What was your inspiration for The Spellcaster’s Grimoire?

The “ancient, eldritch tome” is a trope that always gave me chill bumps, and I wanted to write about a lost book of magic for years. I love stories about a hidden or forgotten artifact that holds mystic powers both great and terrible. It can be a metaphor for the power of the unconscious mind, or our latent potential, and engenders stories about personal growth, which seems like magic—because it really is.

What themes do you like to explore in your writing?

Personal growth and self-fulfillment. I think all stories are models of human problem-solving, and fulfilling your potential in response to a crisis is the ultimate challenge.

How long did it take you to complete the novel?

Hard to say, because there are lapses of down-time while the editor reviews it and then revisions for the editor, then proof-reading the galley. Usually it takes me a month or two to plot the novel, maybe three to write it, and another two or three months to do at least a couple of revisions and proof. Let’s throw in some down time to deal with life events, and say nine months. Then you may need to do querying, submissions, and marketing—during which time you’re working on the next novel!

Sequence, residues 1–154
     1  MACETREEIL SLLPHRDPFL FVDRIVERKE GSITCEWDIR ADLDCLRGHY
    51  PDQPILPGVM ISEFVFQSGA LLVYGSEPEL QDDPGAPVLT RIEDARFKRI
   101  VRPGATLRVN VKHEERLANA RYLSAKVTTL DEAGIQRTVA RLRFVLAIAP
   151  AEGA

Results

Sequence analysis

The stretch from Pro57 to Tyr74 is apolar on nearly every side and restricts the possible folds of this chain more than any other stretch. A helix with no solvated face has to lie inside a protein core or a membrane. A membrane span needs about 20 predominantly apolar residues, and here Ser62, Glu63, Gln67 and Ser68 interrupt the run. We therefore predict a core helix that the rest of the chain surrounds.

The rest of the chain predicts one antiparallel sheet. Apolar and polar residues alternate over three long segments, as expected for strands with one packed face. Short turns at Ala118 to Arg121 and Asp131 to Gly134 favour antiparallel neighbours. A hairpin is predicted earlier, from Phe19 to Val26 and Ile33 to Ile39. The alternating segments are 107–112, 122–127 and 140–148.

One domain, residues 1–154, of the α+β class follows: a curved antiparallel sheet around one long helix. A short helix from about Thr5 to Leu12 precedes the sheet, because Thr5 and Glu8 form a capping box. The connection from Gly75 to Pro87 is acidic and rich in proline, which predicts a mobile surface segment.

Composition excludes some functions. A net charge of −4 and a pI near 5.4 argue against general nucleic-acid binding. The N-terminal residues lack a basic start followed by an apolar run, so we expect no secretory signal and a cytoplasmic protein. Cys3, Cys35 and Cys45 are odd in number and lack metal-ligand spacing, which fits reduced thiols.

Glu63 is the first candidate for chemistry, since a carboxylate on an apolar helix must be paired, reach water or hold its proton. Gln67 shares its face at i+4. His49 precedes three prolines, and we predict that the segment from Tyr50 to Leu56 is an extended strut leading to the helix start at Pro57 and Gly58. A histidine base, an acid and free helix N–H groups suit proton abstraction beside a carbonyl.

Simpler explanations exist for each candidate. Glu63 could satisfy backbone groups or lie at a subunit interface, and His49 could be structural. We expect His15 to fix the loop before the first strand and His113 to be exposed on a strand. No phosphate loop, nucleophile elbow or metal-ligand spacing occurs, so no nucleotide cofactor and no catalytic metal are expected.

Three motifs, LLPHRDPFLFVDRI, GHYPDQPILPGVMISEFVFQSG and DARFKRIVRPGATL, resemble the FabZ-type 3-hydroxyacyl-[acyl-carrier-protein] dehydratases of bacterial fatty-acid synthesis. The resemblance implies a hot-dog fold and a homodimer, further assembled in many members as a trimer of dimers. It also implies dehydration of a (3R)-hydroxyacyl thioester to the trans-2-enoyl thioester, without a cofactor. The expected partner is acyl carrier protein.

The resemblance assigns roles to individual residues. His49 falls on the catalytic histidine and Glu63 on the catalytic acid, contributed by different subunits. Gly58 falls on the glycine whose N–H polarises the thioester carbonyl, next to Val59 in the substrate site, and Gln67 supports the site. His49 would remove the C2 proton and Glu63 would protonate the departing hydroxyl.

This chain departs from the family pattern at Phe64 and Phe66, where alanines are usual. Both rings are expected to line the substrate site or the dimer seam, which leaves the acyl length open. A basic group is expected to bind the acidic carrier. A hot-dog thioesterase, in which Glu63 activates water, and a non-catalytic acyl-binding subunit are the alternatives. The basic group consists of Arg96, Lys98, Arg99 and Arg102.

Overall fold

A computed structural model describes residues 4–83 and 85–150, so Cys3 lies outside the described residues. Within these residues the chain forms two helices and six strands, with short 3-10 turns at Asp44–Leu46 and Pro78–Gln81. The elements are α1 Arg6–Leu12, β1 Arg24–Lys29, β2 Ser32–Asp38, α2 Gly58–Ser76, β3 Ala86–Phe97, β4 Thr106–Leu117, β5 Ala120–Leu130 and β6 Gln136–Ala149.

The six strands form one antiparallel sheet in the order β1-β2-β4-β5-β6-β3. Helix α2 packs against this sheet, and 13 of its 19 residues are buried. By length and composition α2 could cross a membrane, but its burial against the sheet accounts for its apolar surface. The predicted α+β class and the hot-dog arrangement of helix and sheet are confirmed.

Are you disciplined? Describe a typical writing day.

I usually write in the mornings when I’m fresh, maybe three hours, before lunch. Somewhere in there I’ll break for a walk for exercise. In the afternoon I might revise a previous work, keep in touch with social networking, do errands, or get in my guitar practice or record original music.

What did you find most challenging about writing this book?

Coming up with an interesting and workable concept is always the most challenging for me. You can have lots of exciting ideas, and you can use story structure to turn anything into a book, but you need to do something different, something that hasn’t been done before, put a new spin on your premise.